Fluoxetine does not enhance the effect of perceptual learning on visual function in adults with amblyopia

Research output: Contribution to journalArticleScientificpeer-review

Researchers

  • Henri J. Huttunen
  • J. Matias Palva
  • Laura Lindberg
  • Satu Palva
  • Ville Saarela
  • Elina Karvonen
  • Marja Leena Latvala
  • Johanna Liinamaa
  • Sigrid Booms
  • Eero Castrén
  • Hannu Uusitalo

Research units

  • Herantis Pharma Plc
  • Neuroscience Center
  • University of Helsinki
  • PEDEGO Research Unit
  • University of Oulu
  • Tampere University
  • Tampere University Hospital
  • University of Helsinki

Abstract

Amblyopia is a common visual disorder that is treatable in childhood. However, therapies have limited efficacy in adult patients with amblyopia. Fluoxetine can reinstate early-life critical period-like neuronal plasticity and has been used to recover functional vision in adult rats with amblyopia. We conducted a Phase 2, randomized (fluoxetine vs. placebo), double-blind, multicenter clinical trial examined whether or not fluoxetine can improve visual acuity in amblyopic adults. This interventional trial included 42 participants diagnosed with moderate to severe amblyopia. Subjects were randomized to receive either 20 mg fluoxetine (n = 22) or placebo (n = 20). During the 10-week treatment period, all subjects performed daily computerized perceptual training and eye patching. At the primary endpoint, the mean treatment group difference in visual acuity improvement was only 0.027 logMAR units (95% CI: −0.057 to 0.110; p = 0.524). However, visual acuity had significantly improved from baseline to 10 weeks in both fluoxetine (−0.167 logMAR; 95% CI: −0.226 to −0.108; p < 0.001) and placebo (−0.194 logMAR; 95% CI: −0.254 to −0.133; p < 0.001) groups. While this study failed to provide evidence that fluoxetine enhances neuroplasticity, our data support other recent clinical studies suggesting that improvement of vision can be accomplished in adults with amblyopia.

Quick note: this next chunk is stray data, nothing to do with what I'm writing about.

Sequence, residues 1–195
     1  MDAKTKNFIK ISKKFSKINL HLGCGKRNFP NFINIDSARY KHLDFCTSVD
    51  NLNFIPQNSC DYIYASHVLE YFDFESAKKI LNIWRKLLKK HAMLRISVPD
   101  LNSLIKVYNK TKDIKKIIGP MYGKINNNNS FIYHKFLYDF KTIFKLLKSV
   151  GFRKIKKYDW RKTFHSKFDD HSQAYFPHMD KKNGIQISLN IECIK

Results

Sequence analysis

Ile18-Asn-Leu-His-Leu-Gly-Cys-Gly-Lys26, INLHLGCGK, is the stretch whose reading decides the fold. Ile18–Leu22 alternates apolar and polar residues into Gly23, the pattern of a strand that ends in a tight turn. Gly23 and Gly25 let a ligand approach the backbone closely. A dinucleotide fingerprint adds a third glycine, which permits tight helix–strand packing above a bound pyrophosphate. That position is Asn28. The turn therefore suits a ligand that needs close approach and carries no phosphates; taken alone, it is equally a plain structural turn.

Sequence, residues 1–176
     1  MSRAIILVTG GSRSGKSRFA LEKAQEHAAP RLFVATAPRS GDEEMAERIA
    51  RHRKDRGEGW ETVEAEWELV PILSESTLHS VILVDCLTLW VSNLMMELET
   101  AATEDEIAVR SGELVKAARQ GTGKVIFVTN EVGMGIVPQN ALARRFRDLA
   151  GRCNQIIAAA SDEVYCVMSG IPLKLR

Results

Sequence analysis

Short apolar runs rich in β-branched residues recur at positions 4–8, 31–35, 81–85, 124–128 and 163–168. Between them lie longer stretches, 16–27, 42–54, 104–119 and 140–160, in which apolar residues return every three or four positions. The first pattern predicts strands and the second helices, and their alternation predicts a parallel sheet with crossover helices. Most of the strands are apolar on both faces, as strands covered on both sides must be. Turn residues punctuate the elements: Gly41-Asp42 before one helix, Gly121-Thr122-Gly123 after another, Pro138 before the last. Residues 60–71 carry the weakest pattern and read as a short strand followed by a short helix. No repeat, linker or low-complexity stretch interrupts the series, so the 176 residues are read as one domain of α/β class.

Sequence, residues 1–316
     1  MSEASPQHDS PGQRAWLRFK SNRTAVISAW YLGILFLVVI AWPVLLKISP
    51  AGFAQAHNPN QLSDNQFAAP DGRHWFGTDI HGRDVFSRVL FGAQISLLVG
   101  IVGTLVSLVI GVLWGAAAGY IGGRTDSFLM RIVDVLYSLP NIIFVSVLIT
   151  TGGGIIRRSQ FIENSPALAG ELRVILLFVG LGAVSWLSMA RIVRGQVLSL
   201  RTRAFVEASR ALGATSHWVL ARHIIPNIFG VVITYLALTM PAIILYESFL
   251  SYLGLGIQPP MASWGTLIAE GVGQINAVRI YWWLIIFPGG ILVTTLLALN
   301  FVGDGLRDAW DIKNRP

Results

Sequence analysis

Details

Original languageEnglish
Article number12830
JournalScientific Reports
Volume8
Issue number1
Publication statusPublished - 1 Dec 2018
MoE publication typeA1 Journal article-refereed

ID: 41624479